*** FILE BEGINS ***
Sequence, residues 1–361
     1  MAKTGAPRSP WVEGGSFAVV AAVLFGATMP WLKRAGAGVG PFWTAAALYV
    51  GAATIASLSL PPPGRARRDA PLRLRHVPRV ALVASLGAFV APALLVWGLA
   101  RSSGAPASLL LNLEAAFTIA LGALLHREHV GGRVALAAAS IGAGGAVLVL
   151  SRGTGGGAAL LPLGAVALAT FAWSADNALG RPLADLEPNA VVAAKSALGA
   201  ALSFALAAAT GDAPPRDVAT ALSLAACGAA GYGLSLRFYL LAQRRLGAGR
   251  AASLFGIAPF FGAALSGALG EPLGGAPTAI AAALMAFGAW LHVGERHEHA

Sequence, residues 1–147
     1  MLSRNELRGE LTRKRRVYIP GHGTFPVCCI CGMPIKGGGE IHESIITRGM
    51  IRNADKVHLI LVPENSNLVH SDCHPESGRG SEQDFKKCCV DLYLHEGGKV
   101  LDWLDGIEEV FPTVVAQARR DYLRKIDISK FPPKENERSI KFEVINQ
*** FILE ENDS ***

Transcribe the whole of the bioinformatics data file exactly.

Sequence, residues 1–361
     1  MAKTGAPRSP WVEGGSFAVV AAVLFGATMP WLKRAGAGVG PFWTAAALYV
    51  GAATIASLSL PPPGRARRDA PLRLRHVPRV ALVASLGAFV APALLVWGLA
   101  RSSGAPASLL LNLEAAFTIA LGALLHREHV GGRVALAAAS IGAGGAVLVL
   151  SRGTGGGAAL LPLGAVALAT FAWSADNALG RPLADLEPNA VVAAKSALGA
   201  ALSFALAAAT GDAPPRDVAT ALSLAACGAA GYGLSLRFYL LAQRRLGAGR
   251  AASLFGIAPF FGAALSGALG EPLGGAPTAI AAALMAFGAW LHVGERHEHA

Sequence, residues 1–147
     1  MLSRNELRGE LTRKRRVYIP GHGTFPVCCI CGMPIKGGGE IHESIITRGM
    51  IRNADKVHLI LVPENSNLVH SDCHPESGRG SEQDFKKCCV DLYLHEGGKV
   101  LDWLDGIEEV FPTVVAQARR DYLRKIDISK FPPKENERSI KFEVINQ